# Finding the coefficient of friction

I need help with my homework.

http://img36.imageshack.us/img36/8717/friction.png [Broken]

I don't how to figure this out because you only get velocity :/

## The Attempt at a Solution

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rock.freak667
Homework Helper
Well on the horizontal block, what are the forces acting?

On the vertical block, what are the forces acting?

Find the resultant force on each block. What do you get?

Well its not at equilibrium so i can't just sum the forces to get zero ...?

rock.freak667
Homework Helper
Well its not at equilibrium so i can't just sum the forces to get zero ...?

That is why you put the resultant force as 'ma'

so Force normal = 2.94N
and force moving horizontal would be (0.3)(a)

then
μ(2.94) + (0.3)(a) = (0.3)(a) ? ... crap i'm not getting something here :/

rock.freak667
Homework Helper
so Force normal = 2.94N
and force moving horizontal would be (0.3)(a)

then
μ(2.94) + (0.3)(a) = (0.3)(a) ? ... crap i'm not getting something here :/

Consider the horizontal and vertical blocks separately.

On the horizontal block you have a tension T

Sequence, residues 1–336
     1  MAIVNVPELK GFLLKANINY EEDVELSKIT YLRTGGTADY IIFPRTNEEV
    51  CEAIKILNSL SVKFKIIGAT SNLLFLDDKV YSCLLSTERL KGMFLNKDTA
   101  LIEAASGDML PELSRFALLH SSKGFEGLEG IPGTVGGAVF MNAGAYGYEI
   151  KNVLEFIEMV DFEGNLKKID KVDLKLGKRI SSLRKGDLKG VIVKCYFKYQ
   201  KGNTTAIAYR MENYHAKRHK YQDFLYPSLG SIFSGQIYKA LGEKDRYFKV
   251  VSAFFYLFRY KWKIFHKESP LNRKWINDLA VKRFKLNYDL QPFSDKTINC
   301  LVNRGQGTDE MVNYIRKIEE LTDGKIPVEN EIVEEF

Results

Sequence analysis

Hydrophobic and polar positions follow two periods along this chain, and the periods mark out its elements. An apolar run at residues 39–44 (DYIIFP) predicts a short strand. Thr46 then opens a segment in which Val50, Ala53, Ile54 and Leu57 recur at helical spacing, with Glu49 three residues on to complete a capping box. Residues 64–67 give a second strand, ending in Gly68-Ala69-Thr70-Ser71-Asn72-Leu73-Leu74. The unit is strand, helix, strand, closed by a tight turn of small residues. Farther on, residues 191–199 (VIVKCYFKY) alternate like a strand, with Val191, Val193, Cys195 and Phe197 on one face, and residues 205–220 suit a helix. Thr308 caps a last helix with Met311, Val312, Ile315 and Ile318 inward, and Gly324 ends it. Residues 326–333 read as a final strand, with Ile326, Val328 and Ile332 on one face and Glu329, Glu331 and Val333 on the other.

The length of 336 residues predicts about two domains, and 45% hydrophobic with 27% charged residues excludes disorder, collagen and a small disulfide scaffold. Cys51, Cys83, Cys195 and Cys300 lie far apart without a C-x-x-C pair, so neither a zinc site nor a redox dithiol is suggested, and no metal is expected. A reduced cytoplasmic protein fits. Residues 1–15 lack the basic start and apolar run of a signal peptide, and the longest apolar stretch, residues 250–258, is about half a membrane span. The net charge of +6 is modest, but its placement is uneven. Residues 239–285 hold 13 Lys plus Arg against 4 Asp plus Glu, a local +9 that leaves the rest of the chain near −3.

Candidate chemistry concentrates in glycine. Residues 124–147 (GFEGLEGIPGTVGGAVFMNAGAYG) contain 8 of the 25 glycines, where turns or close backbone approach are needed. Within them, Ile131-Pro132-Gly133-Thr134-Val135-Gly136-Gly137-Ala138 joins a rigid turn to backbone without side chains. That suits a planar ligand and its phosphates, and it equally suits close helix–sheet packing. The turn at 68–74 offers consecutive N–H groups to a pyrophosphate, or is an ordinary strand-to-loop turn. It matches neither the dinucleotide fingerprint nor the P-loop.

so T-μ(0.3*9.81) = 0.3a

now do the same for the vertical block.

You will now have two equations in T and a. Eliminate 'T' from the two, leaving one equation in 'a'.

Oh like net force?

The vertical would then be..

T - 0.3a = 0.3a ?

rock.freak667
Homework Helper
Oh like net force?

The vertical would then be..

T - 0.3a = 0.3a ?

Vertically, you'd get mg-T, since the block moves down.

So you would get

T-μ(0.3*9.81) = 0.3a
(0.3*9.81) - T = 0.3a

and substitute ?..

T-μ(0.3*9.81) = (0.3*9.81) - T

that doesn't cancel out the T's ?

rock.freak667
Homework Helper
So you would get

T-μ(0.3*9.81) = 0.3a
(0.3*9.81) - T = 0.3a

and substitute ?..

T-μ(0.3*9.81) = (0.3*9.81) - T

that doesn't cancel out the T's ?

No. If you add the two equations together, what do you get?

You get

μ(2.94) + (2.94) = 0.6a ?

rock.freak667
Homework Helper
right, so you can find 'a' in terms of 'μ'. You also know that 'a' is constant. Now use a kinematic equation involving distance, time and acceleration.

You should now be able to get the value of μ.